Saturday, 24 April 2010

Under The Dome, Stephen King

PD*32142118 I think I have probably made it clear by now that I am a huge Stephen King fan.  I grew up reading his novels and whenever I thought about what my aspirations were as a writer his name was always at the forefront of my mind.  of course, I wasn’t just thinking about the millions of dollars (although that would be nice), what I really wanted to be able to do was create characters that feel as real as any actual person and combine them with original and involving plots.

Unfortunately most of Kings best novels (The Stand, It, The Talisman) were written a long time ago (and were written when he was suffering from a narcotic and alcohol addiction) and it does feel as though he is always striving to live up to those older books.  Unfortunately, more often then not, he falls short, but the books he produces are, in my opinion, still head and shoulders above most other horror writers out there.

Under The Dome is an epic novel, at over 300,000 words.  However, it certainly doesn't feel like an overly long novel as King keeps the pace going throughout the book. It takes place in the small Maine town of Chester’s Mill where, one warm October morning, a giant invisible dome falls down around the town, killing several and cutting the town off completely from the outside world.

But it is not the creators of the dome that are the thing to be feared. The town is run by ‘Selectman’, second-hand car salesman, and methamphetamine factory owner, Big Jim Rennie.  As the dome fails to be penetrated by missiles, acid, and anything else the army tries, Big Jim starts to take over the town as a dictator.  He uses riots, arson, and murder to frame the one person who could help the town ‘Colonel Barbara,’ a retired Iraq soldier who now works as a short order cook in the local restaurant.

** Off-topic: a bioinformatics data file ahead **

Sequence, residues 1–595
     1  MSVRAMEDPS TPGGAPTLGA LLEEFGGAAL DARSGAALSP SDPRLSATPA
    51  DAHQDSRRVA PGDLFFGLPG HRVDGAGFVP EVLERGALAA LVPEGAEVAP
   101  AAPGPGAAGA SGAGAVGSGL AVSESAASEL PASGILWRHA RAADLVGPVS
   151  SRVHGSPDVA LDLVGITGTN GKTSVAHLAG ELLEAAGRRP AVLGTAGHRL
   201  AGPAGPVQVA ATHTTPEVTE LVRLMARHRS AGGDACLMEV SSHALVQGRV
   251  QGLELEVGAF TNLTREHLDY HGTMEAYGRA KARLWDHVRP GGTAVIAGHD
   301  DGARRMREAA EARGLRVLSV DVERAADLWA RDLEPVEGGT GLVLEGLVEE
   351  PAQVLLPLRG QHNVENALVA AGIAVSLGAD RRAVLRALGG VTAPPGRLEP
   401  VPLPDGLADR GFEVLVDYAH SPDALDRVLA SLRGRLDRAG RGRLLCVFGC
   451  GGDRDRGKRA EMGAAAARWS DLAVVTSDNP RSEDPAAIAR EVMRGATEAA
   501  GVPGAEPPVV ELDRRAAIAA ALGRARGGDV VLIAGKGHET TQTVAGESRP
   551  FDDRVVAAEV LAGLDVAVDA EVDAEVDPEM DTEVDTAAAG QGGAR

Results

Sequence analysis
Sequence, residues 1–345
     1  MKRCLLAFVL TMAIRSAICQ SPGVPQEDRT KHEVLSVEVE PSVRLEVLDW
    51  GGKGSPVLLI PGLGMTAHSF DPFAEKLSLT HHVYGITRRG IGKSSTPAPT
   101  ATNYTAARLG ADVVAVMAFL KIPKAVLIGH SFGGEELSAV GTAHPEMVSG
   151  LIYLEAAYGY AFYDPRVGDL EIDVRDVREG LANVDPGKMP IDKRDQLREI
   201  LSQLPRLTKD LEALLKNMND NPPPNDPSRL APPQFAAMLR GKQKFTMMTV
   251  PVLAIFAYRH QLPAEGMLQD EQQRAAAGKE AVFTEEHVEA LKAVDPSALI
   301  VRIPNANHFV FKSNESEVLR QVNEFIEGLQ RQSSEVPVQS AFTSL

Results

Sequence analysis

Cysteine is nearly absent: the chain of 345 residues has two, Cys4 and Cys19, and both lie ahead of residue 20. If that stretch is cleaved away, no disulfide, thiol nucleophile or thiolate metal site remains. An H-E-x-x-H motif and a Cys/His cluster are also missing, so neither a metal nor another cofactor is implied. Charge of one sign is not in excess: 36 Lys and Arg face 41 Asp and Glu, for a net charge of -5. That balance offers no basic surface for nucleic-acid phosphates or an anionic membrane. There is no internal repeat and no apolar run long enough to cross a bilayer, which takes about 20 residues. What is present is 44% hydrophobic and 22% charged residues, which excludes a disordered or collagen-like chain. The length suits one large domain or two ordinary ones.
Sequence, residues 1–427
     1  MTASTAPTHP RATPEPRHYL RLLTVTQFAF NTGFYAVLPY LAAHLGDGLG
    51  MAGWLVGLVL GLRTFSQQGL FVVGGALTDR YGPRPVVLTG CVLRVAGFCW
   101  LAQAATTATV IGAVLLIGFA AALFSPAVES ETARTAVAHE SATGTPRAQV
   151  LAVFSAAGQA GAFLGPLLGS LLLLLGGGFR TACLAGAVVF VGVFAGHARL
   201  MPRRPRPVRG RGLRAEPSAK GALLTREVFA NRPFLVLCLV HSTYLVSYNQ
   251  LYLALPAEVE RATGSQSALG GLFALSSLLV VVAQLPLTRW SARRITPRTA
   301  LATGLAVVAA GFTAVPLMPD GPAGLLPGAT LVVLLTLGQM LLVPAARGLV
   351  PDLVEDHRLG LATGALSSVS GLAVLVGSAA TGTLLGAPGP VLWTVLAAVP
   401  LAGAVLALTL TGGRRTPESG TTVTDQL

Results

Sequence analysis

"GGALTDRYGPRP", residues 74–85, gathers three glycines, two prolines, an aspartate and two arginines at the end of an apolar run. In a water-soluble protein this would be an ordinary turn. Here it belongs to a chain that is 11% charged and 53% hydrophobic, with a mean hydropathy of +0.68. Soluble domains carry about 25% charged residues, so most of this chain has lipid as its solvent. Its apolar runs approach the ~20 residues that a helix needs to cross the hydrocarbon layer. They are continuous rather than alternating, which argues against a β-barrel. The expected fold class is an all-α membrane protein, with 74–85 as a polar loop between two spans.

As fear takes over, the towns population is split between those on Barbie’s side, and those on Big Jim’s.  Although there is a sci-fi aspect to the novel, this is not focused on. Instead it is simply the people and their ‘small lives’ that leads to the potential destruction of the town and everyone in it.

Under The Dome did not disappoint. It is not The Stand (the novel it has been most compared against because of its length), but it is still an action-packed novel that kept me gripped from start to finish.  The numerous characters were King’s usual ‘larger than life’ cast, and I missed them when I had finished.

My only negative was (*Spoiler alert! Spoiler alert!*) the number of people who were killed off.  While I understand the need for a few to die, towards the end of the novel I couldn’t help but start thinking ‘oh God, not another one!’  I wanted to shout at the book ‘not the children and dogs – at least leave them alone!’ I do like a happy ending and when most of the people you have come to love over the last five hundred pages end up carking it, it does feel like a bit of an anti-climax. I also would have liked to have had more of a final confrontation between Big Jim and Barbie.  It did feel as though the novel had been building up towards the big ending, yet it didn’t happen.

Despite this I still thoroughly enjoyed the book.  Not quite ‘King at his best’, but certainly getting there.

Something Wicked 8/10

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